by Luke Geddes
Illustration by Seb Tanti Burlo’
The coyote, yellow eyes leery, fierce brows knit in concentration, crouches alert behind the Brittlebush that grows along I-19 in the Arizona desert. Perhaps he thinks enviously of his ancestors, of the freedom they had before man’s arrival, when the desert was theirs and theirs alone. Perhaps he feels God’s loving presence in the quickening beat of his heart, in the way the clouds blow across the sun carrying cool shade to his warm fur. No, for as that blur of blue and violet streaks by, a cloud of dust following it like the exhaust of man’s automobiles, surely all he thinks is: Hunger.
The coyote is smart. He has studied his prey, watched and followed the roadrunner through Arizona, Mexico, Texas and back, although man-made geographic distinctions mean nothing to him. Sometimes he feels he’ll never catch it, that he wouldn’t even know what to do if he did. But then God’s love overwhelms him, and though the coyote is too ignorant to recognize it, its effects are visceral; is it not this love, more than base survival, that evokes his hunger, his insatiability at once his bane and élan vital? Without conflict, life is purgatory, and the coyote’s story has no beginning, middle, or end.
The coyote knows the roadrunner more intimately than the bitches with which he has mated. A nomad, a rebel: unlike the other, uxorious males of his species, he’s abandoned his cubs and mates for the lonely pursuit of prey. His nose, kissing the cracked desert floor like a wet stone, picks up the faint, familiar scent, like rubber and licorice, of the roadrunner. It intensifies, crawling through his nostrils and down the edge of his throat; the roadrunner nears, circling back. Stupid creature.
Because he is a wily predator, because he has been chosen by God, because he is slow and lumbering compared to his nimble prey, the coyote must employ tools to catch the roadrunner. From where do they come? Only God may know. An enormous length of thick polyester rope lay coiled near his feet, four stark white letters printed across the braided fibers at one end: ACME. He holds the lassoed end of it in his paws and sets the hoop in the center of the road, then ties the opposite end to his wrist and crouches again behind the Brittlebush, tongue swelling, ears pinned back in anticipation.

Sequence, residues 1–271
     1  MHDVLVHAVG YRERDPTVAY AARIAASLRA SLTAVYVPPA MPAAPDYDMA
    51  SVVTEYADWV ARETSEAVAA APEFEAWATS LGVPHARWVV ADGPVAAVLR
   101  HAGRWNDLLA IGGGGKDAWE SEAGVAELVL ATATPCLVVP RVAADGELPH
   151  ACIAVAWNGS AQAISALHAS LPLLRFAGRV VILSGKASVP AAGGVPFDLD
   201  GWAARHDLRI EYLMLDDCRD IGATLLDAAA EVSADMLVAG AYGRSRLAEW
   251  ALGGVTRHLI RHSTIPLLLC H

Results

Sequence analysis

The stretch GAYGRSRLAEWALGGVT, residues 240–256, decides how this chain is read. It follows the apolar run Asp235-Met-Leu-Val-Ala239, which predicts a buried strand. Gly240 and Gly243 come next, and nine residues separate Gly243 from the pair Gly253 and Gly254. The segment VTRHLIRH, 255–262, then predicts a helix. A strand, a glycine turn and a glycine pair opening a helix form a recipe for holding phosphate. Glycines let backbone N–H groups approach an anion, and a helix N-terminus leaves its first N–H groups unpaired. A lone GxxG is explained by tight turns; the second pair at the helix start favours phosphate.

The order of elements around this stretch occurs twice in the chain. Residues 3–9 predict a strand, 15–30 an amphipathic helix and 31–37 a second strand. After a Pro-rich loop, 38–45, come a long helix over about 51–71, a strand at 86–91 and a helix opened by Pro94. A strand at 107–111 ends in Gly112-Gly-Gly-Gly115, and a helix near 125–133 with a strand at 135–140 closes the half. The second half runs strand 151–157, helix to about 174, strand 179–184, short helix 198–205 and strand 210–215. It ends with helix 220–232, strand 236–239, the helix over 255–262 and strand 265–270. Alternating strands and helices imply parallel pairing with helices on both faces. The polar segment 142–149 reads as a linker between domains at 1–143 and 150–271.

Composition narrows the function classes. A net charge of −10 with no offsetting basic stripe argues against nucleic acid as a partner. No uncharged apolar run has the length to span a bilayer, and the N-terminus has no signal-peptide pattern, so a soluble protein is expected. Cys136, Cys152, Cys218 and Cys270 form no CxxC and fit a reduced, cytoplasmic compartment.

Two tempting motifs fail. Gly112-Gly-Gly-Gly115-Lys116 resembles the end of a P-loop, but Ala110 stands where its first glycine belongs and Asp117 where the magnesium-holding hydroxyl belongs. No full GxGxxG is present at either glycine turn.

The roadrunner speeds along the highway, almost more machine than bird. As it rounds a dusty mesa, it turns its head and calls, Beep! Beep! The coyote licks his chops, the roadrunner’s cloud of debris like an arrow pointing to his prey. He clenches the rope, muscles tensed. The roadrunner surges closer and closer, a gust of wind that blows the flowers off the cacti. The great orange sun shines on the coyote. He covers his brow with his free paw and arches his other arm back. Time slows in his eyes and he watches the roadrunner’s three-pronged feet step in slow motion along the dashed line of the road.
Just as the deliciousness of the bird’s scent threatens to send him into delirium, the coyote yanks the rope, the lasso tightening around the roadrunner’s ankle. Success, after an eternity of hunger, is hardly recognizable to the predator. He salivates so uncontrollably and his heart beats so rapidly in bestial arousal that he neglects to reel in his catch. The roadrunner runs on, dragging the rope as it snakes miles down the road in mere seconds.
Beep! Beep! is the last thing the coyote hears before the ground sucks out from under him and he is dragged through the Brittlebush and into the road. Skidding, asphalt waves grate him as the roadrunner’s dust blows into his throat, eyes, nose. Fur and skin tear loose from his body, tiny rocks like teeth bite his flesh. Blood streaking the paint of the white lines pink, the rope carries him until finally the roadrunner turns sharply and the coyote swings, the arm of the rope drawing a perfect parabolic arc, into a prickly cactus. The coyote stuck in a gap in the desert plant’s green arms, the rope pulls, pulls, pulls, and snaps, catapulting the coyote into the fluorescent sky. He crashes like a misfired rocket into a low lying mountain and slides down its jagged edge, dead.
Because God has blessed the coyote with a unique adaptability, death for him is as transitory a state as sleep. Though his lifeless body lies still as the sun falls off the horizon like a dropped anvil, through the cold desert night he works at his regeneration. God alone, watching from the cosmos, sees the coyote’s skin, flayed and hanging loose on each side of his neck like lapels, stitch itself back together. He sees the coyote’s squashed and cracked eyeball roll snugly into its socket. The coyote blinks once and it’s gleaming and whole. And inside, sinews reconnect muscle to bone, heart begins to pump with the vigor of rebirth. By sunrise it is complete.
The coyote gasps awake and sits upright, clenching his sharp, white teeth. What does he remember of his death? Only God may know. It matters little to the predator; to him, the hunt is all that matters. Almost immediately his nose begins to twitch. Though his snout is crooked, the coyote possesses an extraordinary sense of smell.